Compelling, authoritative content is the goal in business communication. Grab your reader’s attention and keep it with short, powerful paragraphs of two to three sentences that move from point to point. (This will help with SEO, too.)

  • Don’t Stuff Your Content with Keywords

Speaking of SEO, many freelance writers and marketing communications professionals fall into the keyword density trap, thinking more is better.

It’s not necessary to insert keywords into every paragraph. In fact, blatant keyword stuffing is penalized by search engines, so the practice works against you. Instead, use keywords only where they make sense and feel natural.

Writing content that provides helpful insights and information is far more critical. When your topic is clear, and your headers describe your main points, search engines will understand what you’re trying to say and rank your article accordingly.

  • Avoid Writing for Word Count

While word count plays a part in search engine rankings, it’s certainly not the most critical part. 

What matters most is a well-written article that people want to read—to the end. 

Search engines are getting smarter and more able to understand whether your content provides real value to your audience. When readers see content that isn’t relevant to their search query, they bounce. Quickly. Shorter time on a page signals to search engines that they should exclude your article from their SERPs.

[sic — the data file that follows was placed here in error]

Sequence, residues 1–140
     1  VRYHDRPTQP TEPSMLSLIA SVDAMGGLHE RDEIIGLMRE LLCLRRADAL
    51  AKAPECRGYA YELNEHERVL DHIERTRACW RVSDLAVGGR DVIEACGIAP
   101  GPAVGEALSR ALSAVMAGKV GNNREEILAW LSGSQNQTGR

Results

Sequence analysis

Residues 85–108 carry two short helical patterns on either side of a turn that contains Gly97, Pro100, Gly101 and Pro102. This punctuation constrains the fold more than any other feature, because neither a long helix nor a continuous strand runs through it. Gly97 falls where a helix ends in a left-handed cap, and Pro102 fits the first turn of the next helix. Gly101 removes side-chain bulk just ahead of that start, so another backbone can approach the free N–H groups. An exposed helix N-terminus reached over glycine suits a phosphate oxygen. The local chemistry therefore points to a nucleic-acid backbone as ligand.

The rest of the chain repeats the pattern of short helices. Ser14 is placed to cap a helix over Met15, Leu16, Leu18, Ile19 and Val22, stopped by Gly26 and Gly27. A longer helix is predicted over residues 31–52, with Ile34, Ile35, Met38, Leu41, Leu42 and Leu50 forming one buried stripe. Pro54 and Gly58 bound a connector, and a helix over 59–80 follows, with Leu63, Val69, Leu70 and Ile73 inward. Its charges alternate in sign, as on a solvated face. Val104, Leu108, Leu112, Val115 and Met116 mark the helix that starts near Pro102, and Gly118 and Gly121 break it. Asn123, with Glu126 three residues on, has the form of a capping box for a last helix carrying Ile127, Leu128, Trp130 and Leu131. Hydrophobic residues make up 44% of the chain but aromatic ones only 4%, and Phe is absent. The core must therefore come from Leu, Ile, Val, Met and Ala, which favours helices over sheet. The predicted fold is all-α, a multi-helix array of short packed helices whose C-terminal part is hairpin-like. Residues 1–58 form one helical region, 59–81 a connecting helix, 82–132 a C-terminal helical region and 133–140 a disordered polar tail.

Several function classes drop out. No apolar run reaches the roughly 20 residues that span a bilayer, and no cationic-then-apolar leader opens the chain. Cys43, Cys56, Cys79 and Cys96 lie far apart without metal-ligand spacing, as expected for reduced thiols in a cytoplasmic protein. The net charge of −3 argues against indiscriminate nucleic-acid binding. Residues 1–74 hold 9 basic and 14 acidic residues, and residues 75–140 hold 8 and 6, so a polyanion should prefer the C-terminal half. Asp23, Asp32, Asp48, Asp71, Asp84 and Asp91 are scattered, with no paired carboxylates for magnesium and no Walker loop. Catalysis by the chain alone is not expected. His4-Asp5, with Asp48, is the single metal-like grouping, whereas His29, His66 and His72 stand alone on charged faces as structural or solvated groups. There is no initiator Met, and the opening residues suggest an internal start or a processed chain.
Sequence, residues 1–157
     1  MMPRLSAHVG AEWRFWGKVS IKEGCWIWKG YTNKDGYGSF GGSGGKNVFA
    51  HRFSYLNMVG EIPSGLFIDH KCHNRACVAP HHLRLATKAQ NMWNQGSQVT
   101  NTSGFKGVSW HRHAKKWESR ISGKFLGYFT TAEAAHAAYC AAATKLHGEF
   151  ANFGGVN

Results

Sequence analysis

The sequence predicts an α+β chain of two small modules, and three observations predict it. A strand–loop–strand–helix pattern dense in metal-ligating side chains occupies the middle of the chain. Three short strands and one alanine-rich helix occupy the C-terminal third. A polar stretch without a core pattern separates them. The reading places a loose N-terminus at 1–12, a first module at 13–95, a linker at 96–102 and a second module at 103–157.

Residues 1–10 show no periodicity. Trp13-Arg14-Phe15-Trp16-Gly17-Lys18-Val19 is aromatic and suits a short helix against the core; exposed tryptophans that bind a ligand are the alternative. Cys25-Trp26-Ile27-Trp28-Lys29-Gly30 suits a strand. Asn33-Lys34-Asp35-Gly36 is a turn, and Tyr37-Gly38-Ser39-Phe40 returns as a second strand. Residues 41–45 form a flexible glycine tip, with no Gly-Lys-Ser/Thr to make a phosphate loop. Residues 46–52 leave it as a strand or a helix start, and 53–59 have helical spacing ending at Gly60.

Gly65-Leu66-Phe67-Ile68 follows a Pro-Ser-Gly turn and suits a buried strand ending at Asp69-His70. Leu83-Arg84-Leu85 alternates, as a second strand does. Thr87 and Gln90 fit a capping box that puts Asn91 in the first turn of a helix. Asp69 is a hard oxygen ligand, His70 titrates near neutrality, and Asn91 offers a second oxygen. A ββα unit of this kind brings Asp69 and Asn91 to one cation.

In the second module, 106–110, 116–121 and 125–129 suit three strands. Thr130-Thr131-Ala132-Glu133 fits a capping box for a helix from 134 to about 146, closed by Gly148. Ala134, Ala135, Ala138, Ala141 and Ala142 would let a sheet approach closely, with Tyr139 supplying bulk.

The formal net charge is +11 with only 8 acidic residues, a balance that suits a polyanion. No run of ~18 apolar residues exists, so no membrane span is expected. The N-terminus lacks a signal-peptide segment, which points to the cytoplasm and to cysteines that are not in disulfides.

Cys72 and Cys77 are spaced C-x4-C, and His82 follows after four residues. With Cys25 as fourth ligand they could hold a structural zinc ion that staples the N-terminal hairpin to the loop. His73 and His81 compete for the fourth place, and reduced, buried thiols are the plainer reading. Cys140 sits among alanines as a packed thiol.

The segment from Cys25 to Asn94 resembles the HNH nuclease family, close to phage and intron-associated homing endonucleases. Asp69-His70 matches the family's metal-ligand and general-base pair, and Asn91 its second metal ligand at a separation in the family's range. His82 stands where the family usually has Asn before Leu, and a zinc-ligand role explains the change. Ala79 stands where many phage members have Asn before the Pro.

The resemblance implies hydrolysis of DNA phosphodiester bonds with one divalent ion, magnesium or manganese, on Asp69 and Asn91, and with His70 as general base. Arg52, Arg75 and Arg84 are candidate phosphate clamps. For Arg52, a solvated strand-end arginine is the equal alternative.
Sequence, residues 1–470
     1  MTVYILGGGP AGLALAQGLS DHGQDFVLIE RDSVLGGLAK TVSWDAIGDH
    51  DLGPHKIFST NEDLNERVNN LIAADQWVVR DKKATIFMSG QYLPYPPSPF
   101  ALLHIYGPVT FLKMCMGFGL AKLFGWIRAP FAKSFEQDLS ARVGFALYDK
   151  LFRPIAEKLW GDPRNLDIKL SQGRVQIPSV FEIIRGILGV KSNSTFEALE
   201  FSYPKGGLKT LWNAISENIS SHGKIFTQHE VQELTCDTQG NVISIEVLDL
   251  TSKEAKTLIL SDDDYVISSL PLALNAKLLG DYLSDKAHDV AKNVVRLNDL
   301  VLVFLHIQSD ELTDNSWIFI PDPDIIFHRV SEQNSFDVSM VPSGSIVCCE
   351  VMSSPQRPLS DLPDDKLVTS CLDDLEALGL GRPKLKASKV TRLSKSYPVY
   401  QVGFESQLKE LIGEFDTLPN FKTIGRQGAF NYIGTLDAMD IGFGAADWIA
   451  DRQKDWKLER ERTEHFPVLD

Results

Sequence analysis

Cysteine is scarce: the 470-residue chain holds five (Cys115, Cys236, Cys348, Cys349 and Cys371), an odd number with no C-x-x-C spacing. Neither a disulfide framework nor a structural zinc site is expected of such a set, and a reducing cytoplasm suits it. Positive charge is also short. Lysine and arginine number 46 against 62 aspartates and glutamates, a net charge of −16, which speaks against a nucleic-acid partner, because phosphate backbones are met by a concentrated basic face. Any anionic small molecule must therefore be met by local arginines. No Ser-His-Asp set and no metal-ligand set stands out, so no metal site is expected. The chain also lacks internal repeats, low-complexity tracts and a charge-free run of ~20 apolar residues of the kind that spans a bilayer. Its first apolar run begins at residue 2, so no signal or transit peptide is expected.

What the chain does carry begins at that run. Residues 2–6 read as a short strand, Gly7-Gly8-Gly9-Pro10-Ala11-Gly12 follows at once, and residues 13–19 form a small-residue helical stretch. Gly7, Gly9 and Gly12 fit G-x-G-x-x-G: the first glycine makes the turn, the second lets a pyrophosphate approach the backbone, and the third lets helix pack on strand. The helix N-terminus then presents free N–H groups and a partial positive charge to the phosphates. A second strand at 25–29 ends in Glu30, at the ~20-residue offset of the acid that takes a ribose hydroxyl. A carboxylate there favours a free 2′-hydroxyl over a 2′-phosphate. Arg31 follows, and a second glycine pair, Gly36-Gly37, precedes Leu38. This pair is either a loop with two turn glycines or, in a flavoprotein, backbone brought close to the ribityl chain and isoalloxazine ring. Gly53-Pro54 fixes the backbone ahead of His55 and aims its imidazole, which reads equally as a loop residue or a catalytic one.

Instead of adding an unnecessary sentence or paragraph to reach a specific word count, focus on sharing research and information that offers new insights, answers or solutions. 

  • Stop Using Superlatives and Hyperbole

Another way to cut the fluff from your writing is to snip the superlatives and hyperbole. Using terms like “the best” or “fantastic” to describe products or ideas diminishes credibility and trust. 

Instead, stick to facts that can be proven. If a product wins a “Best of” honor, refer to the award. If customers report that a service is “fantastic,” quote them. 

  • Eliminate Redundancy

Redundant content is fluff. Look for and remove redundancies in paragraphs, sentences and phrases. 

Ask yourself:

  • Does my conclusion just regurgitate my introduction? 
  • Do my phrases contain a repeated concept, like “unexpected surprise?” (A surprise is unexpected by definition.)  
  • Is this word or phrase necessary to explain my point? 
  • Edit, Revise, and Edit Again

Every piece of writing needs an editor. Whether you edit your content yourself or hire a freelance editor through a platform like PowerPublish, editing is critical to ensuring your content stays fluff-free. 

If you’re acting as your own editor, carefully review your article and make revisions to improve clarity and conciseness. Then, step away from your work for a while and come back to it with fresh eyes for one final round of edits. 

Content Without Fluff is Good For Business

From topic conception to outline to final edits, these steps will help you remove unnecessary filler from your writing and produce a polished, compelling, engaging article that earns your reader’s trust. And that is good for business.